Jane O'Meara Sanders, his wife, received $91,020 between 2002 and 2004 for "consultation" and for negotiating the purchase of television and radio time-slots for Sanders' advertisements, according to records and interviews.
Approximately $61,000 of that was "pass through" money that was used to pay media outlets for advertising time, Jane O'Meara Sanders said in an interview. The rest, about $30,000, she kept as payment for her services, she said.
Carina Driscoll, daughter to Jane O'Meara Sanders and stepdaughter to the lawmaker, earned $65,002 in "wages" between 2000 and 2004, campaign records show.
Driscoll, a former state legislator, served as Rep. Sanders' campaign manager in 2000, his fund-raiser and office manager in 2003 and his database manager in 2004, according to Jeff Weaver, Sanders' chief of staff.
"Both of them are regarded as people who are knowledgable about Vermont politics," Weaver said Tuesday. "They earned every penny they got."
It seems Sanders is the only member of Vermont's congressional delegation to employ family members. "Sen. Jeffords has not hired any members of his family on his current or past campaigns," said Erik Smulson, his communications director. A spokesman for Democratic Sen. Patrick Leahy said the same thing.
No laws prohibit candidates from paying family members for campaign work. But the appearance that lawmakers use their position to benefit people close to them concerns watchdog groups.
"Anytime you pay a family member there's going to be questions raised," said Larry Noble, executive director of the Center for Responsive Politics, a non-partisan research group in Washington.
The real question, he says, is whether family members conducted work commesurate to their pay. If they did, "then it's more difficult to say (lawmakers) are funneling money back to the family."
Mary Bloyer, a spokeswoman for Common Cause, a nonprofit advocacy group, said: "The danger here is that you want members of Congress who are in Washington to serve their constituents and not enrich their families. Something like this makes people look twice and makes them wonder what's going on here."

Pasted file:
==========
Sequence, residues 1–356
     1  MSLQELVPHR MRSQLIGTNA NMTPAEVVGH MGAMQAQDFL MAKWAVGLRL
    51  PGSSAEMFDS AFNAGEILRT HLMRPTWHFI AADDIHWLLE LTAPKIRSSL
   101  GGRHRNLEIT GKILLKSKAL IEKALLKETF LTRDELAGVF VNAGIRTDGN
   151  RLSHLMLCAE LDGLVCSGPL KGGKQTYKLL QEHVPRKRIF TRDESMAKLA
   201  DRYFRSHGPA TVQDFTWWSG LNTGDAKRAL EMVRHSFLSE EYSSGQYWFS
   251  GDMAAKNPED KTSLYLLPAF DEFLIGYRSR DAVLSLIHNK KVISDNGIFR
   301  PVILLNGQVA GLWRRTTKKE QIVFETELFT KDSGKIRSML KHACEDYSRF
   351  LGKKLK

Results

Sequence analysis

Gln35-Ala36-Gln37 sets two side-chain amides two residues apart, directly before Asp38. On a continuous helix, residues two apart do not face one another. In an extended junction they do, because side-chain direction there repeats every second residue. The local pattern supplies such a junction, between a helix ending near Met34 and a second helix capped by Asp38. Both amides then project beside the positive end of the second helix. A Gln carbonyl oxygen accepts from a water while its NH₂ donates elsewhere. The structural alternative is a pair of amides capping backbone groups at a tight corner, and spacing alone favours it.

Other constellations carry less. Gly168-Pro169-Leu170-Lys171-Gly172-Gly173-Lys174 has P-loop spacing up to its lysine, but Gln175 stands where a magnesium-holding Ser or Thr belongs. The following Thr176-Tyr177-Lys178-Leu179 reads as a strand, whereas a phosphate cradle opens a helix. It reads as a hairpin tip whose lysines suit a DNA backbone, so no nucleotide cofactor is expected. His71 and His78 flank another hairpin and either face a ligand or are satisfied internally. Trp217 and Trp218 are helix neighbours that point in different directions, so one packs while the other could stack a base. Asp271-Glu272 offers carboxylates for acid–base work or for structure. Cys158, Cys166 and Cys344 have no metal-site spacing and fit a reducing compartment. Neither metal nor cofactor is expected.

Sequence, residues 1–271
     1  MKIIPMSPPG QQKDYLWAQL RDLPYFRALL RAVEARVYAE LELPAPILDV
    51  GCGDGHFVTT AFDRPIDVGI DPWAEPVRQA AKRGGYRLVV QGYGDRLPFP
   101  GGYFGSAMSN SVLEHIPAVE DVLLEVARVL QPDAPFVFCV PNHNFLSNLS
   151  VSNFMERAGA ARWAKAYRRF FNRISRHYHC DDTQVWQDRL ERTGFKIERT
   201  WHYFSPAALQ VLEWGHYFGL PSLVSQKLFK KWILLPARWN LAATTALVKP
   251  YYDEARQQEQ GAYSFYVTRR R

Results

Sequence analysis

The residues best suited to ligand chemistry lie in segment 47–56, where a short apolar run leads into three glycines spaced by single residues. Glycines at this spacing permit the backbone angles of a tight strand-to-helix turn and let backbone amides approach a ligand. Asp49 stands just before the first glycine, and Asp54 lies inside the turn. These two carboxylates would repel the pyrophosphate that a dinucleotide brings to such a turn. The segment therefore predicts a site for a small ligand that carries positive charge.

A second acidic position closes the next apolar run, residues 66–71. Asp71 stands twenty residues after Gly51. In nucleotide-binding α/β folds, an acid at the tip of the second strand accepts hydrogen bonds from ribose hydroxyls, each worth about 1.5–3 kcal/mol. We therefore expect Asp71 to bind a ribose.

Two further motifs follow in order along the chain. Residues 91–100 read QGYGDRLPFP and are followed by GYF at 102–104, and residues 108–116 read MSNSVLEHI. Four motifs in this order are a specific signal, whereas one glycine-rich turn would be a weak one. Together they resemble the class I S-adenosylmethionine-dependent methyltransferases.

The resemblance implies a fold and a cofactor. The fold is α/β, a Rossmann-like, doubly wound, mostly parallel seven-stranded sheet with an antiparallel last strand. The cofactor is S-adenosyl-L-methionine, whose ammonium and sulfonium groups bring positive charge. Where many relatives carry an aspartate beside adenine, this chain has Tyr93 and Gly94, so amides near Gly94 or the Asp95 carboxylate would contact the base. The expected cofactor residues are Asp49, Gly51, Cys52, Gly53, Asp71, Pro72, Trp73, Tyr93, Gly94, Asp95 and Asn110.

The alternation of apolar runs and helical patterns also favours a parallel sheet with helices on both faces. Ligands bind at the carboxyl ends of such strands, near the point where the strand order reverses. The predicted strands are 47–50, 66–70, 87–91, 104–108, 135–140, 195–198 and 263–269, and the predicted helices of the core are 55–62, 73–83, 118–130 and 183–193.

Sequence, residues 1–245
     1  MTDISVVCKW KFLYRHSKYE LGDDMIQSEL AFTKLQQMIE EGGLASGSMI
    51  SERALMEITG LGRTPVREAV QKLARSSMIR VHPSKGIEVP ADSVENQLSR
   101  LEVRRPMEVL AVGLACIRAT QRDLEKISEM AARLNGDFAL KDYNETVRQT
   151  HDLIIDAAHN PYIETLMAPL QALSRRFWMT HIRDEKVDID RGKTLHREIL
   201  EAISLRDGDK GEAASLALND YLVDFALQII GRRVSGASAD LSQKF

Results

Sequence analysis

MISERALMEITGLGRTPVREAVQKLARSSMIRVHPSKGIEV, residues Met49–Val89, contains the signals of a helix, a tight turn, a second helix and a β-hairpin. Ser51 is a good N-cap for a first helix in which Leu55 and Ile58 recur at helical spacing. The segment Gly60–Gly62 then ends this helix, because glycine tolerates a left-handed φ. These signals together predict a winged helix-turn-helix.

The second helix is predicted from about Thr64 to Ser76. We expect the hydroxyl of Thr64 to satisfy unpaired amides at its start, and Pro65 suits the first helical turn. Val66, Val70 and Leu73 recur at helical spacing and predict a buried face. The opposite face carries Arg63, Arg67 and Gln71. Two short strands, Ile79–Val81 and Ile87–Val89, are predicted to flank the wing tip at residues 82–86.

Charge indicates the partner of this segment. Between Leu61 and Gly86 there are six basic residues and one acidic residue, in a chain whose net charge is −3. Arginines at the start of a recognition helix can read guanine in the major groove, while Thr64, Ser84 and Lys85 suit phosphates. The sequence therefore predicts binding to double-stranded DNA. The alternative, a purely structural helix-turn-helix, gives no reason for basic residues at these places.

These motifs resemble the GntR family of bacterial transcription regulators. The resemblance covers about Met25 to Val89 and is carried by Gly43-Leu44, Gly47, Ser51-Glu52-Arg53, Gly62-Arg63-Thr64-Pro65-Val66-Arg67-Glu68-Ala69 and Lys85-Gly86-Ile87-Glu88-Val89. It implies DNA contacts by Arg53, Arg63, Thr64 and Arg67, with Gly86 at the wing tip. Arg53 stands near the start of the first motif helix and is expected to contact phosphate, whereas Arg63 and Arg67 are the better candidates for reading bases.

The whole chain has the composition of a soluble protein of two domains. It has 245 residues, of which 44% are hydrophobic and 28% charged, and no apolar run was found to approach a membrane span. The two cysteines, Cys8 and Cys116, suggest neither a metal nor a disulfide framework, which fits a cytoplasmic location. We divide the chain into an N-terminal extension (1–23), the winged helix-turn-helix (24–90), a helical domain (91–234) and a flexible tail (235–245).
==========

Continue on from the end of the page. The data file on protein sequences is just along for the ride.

Jane O'Meara Sanders said she worked for her husband for years with no pay, and started charging him only after opening a consulting company, Progressive Media Strategies, which was changed to Leadership Strategies.
"It became clear I could not offer professional services to other candidates and charge them if I worked for Bernie for free," she said.
Still, Jane O'Meara Sanders said her fees are comparatively low, especially for her husband.
"I think the fact that other candidates have chosen to hire me and pay more than what Bernie pays me says that my services are pretty good," she said.
The ethics of lawmakers paying their families jumped into the spotlight on Capitol Hill last week, following reports that House Majority Leader Tom DeLay of Texas had paid his wife and daughter more than $500,000 for campaign-related work.
Jim Barrett, chairman of the Vermont Republican Party, used Sanders' family payments to highlight what he said is Democratic "hypocrisy" for fiercely attacking DeLay. "It's the standard hypocrisy from the left," Barrett said. "When a Republican does it, it's inappropriate and front page news. But now it turns out, our own Bernie Sanders has been doing it for a long time."
He added: "If it's corruption when Tom DeLay does it, then it's corruption when Bernie Sanders does it."
Jon Copans, executive director of the state Democratic Party, declined to comment.
But Democratic groups are targeting DeLay for defeat in his 2006 election.
Vermont-based Democracy for America, started by former Gov. Howard Dean, disseminated a mass e-mail Tuesday asking supporters for witty slogans it can paste on billboards in DeLay's Texas district. The billboards, the e-mail says, will let voters there know "it's time for him to go."
Weaver, Sanders' chief of staff, said it was unfair to compare the Vermont Independent with DeLay, who paid his family much more in a shorter period of time.
"For the work they did, they got exactly what anyone else would have been paid," he said of Jane O'Meara Sanders and Driscoll. "Politics is like anything else - you always try to hire the best person."
Even Barrett admitted that the $65,000 earned by Driscoll over four years "almost sounds low."
But he said, "We don't know what she was doing for work. Was she a full-time operative? Were these just consulting fees? Who knows?"
Sanders DeLayed! Or is he guilty of Barbara Boxerism?.